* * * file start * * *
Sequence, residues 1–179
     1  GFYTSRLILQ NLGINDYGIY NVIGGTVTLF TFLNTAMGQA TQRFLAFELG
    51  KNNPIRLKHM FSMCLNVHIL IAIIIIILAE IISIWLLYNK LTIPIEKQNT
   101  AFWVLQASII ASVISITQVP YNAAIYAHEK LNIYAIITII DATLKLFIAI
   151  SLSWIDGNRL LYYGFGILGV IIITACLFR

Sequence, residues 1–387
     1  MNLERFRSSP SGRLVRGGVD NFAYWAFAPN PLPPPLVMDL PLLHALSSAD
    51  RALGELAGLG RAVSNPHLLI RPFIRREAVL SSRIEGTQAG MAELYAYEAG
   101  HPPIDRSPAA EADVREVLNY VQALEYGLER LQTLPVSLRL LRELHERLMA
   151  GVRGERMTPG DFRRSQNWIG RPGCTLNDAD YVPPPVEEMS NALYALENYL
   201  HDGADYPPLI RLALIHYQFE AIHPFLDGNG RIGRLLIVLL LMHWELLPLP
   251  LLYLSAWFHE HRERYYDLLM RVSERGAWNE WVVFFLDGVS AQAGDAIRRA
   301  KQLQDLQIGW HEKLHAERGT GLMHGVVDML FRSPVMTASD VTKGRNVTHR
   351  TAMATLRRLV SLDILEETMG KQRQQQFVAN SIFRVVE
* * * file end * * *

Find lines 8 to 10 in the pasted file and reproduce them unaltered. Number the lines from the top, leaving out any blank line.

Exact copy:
    51  RALGELAGLG RAVSNPHLLI RPFIRREAVL SSRIEGTQAG MAELYAYEAG
   101  HPPIDRSPAA EADVREVLNY VQALEYGLER LQTLPVSLRL LRELHERLMA
   151  GVRGERMTPG DFRRSQNWIG RPGCTLNDAD YVPPPVEEMS NALYALENYL